Pretty close. Characters could get out one dialogue (if they were behind a door or immediately after a transition), but no one could be marked as immortal (other than kids) and designers had to design their quests assuming that players killed every NPC as soon as they were able to pull a trigger.”— J.E. Sawyer on the design in Fallout: New Vegas
Essential is an attribute which can be assigned to non-player characters in games which use the Gamebryo engine (or its modified successor the Creation engine), including Fallout 3, Fallout: New Vegas (original Gamebryo engine), and Fallout 4 (Creation engine). The equivalent attribute for items is quest item, which should not be confused with the general usage of that term.
The main effect of this attribute is that the character cannot be killed, instead it will be temporarily rendered unconscious and wake up again later. In both games, all children in the game are essential characters, so even if you find a way to attack them, they still cannot be killed. This was done for legal reasons.
The purpose of this attribute is to prevent the player character from rendering quests incompletable by killing characters which are necessary for that quest.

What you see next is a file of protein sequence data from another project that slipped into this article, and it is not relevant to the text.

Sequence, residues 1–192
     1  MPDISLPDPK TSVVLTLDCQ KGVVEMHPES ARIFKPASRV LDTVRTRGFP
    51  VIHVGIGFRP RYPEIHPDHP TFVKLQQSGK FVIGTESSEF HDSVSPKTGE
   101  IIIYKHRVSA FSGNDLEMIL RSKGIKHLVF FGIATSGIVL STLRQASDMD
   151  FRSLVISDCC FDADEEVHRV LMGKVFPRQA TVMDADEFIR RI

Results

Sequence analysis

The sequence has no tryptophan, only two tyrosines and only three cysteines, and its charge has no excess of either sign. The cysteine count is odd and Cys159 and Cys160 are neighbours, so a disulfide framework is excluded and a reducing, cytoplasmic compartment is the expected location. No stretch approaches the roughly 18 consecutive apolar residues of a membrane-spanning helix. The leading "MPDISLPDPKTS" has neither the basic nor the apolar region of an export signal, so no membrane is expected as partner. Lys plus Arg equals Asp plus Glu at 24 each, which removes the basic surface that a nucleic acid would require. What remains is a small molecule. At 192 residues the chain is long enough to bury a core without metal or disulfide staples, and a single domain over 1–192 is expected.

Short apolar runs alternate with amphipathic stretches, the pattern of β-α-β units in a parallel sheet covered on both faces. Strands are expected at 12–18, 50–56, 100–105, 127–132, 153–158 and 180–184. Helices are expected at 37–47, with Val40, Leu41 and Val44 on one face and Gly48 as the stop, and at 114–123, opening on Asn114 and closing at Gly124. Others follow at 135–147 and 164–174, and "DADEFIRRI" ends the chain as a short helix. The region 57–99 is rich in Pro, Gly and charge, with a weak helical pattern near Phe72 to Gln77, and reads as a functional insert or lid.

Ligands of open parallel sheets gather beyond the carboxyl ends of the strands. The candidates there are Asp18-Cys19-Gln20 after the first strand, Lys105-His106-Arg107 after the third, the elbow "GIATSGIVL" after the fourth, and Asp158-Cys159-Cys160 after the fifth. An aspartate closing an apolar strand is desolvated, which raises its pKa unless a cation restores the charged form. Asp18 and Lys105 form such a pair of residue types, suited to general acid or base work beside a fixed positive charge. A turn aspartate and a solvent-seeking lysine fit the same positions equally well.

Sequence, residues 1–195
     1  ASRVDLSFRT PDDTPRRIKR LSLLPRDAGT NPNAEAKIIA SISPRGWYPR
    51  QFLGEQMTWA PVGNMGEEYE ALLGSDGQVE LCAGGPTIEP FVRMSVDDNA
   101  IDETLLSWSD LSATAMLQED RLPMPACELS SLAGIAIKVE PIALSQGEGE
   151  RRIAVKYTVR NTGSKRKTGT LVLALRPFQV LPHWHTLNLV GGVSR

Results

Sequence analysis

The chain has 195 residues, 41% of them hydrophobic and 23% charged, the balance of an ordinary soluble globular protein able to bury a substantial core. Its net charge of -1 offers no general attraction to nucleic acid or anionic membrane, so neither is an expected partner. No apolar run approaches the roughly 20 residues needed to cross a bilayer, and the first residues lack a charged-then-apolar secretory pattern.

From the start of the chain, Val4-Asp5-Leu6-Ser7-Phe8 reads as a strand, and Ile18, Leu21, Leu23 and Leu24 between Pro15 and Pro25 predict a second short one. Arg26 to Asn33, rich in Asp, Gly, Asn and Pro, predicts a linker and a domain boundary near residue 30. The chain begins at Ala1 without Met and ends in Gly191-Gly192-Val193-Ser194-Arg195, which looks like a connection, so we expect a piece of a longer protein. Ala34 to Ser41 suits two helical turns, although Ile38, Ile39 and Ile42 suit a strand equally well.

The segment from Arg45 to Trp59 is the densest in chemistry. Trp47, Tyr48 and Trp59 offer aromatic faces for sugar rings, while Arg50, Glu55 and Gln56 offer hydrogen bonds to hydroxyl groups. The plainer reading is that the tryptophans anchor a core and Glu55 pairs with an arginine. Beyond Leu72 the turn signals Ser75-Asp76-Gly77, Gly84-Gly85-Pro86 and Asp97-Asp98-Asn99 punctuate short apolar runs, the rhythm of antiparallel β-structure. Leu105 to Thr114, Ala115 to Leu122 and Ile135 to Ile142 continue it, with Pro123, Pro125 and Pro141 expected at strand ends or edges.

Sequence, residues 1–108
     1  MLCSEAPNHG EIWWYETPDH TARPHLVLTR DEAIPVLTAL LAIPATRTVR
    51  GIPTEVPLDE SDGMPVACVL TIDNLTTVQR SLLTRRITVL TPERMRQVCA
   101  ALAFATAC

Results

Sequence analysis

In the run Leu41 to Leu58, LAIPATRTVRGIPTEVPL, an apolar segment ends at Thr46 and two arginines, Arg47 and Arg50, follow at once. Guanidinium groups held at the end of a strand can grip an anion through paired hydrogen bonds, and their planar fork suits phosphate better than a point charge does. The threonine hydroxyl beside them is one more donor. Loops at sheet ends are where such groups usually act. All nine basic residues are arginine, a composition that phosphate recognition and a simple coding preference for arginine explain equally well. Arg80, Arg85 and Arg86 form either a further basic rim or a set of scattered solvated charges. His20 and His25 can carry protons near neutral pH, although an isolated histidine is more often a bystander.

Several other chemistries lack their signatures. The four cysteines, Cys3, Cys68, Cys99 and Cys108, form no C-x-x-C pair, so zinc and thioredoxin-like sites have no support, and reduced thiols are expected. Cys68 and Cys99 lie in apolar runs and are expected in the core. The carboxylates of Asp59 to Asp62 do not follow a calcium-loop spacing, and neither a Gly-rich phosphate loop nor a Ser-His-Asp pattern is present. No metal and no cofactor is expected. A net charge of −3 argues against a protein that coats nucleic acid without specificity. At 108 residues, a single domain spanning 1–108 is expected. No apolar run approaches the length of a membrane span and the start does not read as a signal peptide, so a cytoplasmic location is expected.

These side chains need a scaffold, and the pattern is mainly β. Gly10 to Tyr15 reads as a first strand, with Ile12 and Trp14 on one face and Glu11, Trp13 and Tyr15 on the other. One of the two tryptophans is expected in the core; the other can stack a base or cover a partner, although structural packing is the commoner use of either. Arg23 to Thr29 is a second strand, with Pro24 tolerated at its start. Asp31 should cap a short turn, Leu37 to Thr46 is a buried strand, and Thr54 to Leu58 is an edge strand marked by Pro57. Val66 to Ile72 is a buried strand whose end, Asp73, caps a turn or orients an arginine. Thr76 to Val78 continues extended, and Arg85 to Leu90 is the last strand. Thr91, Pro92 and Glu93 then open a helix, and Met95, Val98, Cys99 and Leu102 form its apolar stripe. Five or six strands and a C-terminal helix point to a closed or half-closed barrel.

In Fallout: New Vegas, there are few essential non-player characters aside from all children, a handful of robot characters and all Companions (unless playing hardcore mode). One of the essential robots is the securitron Victor, who is essential early on in the game but losses his essentialness later on. Another securitron named Yes Man is also one of the very few essential characters, but is only essential in mind and not body as he can be killed but will just transfer to new body once his old one is destroyed. The last essential robot is Festus, a unique animatronic cowboy at the Sunset Sarsaparilla Headquarters.
- If you have Lawbringer or Contract Killer, essential non-player characters generate a finger or ear each time they are knocked unconscious.
- Quote comes from a post made by J.E. Sawyer on the Something Awful forums.